How We Survive…

Photo by: Dr. Tom Barnes

“Work as though everything
depends on you.
Pray as though everything
depends on God.”
~St. Ignatius of Loyola

Many other factors besides “ora et labora” (“pray & work” as St. Benedict would say) contribute to the survival of this Catholic Worker ministry…and minister. To me, all of them are manifestations of the One Source from which all good things come.

Funding for our ministries comes entirely from non-tax exempt donations we receive from groups and individuals who support our mission and participate in our programs.  Every cent you give goes directly to helping the people who need it most. Without *donors, the work here would not be able to continue.

In addition, the Catholic Committee of Appalachia employs me as its 3/4 time Director ( ). Without CCA, we might survive, but I wouldn’t be as happy.  My position gives me life-giving work and a strong network of like-minded friends.  My modest salary takes care of any ministerial overhead and keeps food on the table… kibble in the bowls…and cracked corn in the coop.

Over 1,500 volunteers have managed to find their way to this tiny Catholic Worker in the middle of nowhere.  They have given their time and used their talents to keep up the farm and serve the needs of people all over Roane County.  Their energy and enthusiasm lift up this depressed area and their work does not go unnoticed or unappreciated.  Plus, they come with strong desires to get to know the people they serve and to learn about the issues here.  In fact, a few stellar ones actually go home and do something about them!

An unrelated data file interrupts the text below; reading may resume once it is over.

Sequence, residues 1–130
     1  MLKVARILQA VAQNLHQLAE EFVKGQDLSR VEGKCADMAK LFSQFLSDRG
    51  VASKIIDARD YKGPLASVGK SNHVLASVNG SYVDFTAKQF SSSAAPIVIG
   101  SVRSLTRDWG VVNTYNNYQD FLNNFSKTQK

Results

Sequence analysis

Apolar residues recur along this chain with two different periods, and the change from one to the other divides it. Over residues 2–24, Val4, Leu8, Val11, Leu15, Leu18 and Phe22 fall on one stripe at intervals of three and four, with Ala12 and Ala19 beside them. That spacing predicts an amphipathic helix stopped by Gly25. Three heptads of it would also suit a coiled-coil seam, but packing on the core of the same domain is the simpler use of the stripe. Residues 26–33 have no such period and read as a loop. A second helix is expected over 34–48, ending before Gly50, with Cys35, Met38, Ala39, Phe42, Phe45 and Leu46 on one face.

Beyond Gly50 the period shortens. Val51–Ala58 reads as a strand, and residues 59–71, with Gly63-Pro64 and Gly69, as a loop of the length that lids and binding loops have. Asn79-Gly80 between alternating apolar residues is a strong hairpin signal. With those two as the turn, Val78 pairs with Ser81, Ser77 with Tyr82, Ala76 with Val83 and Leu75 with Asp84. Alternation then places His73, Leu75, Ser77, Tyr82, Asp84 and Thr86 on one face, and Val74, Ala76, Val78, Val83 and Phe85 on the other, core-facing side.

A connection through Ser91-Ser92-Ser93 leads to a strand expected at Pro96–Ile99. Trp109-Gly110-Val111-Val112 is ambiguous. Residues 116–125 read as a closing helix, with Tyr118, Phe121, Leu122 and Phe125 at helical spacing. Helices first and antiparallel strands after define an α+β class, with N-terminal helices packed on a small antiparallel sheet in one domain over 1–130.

Other Catholic Workers have been hard pressed to find a community as open, helpful, tolerant and loving as that which we’ve found here in Roane County.

Starting with our neighbors on Orchard Run, their watchfulness, guidance and suggestions have been invaluable in terms of our survival in the mountains.  Their assistance, hospitality and good-natured patience with volunteers have been the keys to success of that program.  Our church community at Holy Redeemer has graciously welcomed every group that has been here, and accepts us with open arms despite our faults and issues with the institutional Church.  The townspeople, store-keepers and small business owners bend over backwards for us and our guests showing us the warmth of hospitality that is indicative of Appalachia.  And, I don’t know if we would have been able to stick it out this long had it not been for the meaningful friendship, spiritual conversation, and the simple geographical proximity of the hippies.

FAMILY & FRIENDS (See also – *donors!)
It’s true. We hit up our own family and friends for cash.   The Appalachian Catholic Worker has either become their little charity, or Bill and I have become their little charity cases.  Regardless, they are the ones who keep us and this ministry going.  Financially, yes, but most importantly, they’ve been our biggest morale supporters despite long distances. Their love, encouragement, prayers, emails, phone calls, care packages and time spent here have meant the world to us. We love you guys.

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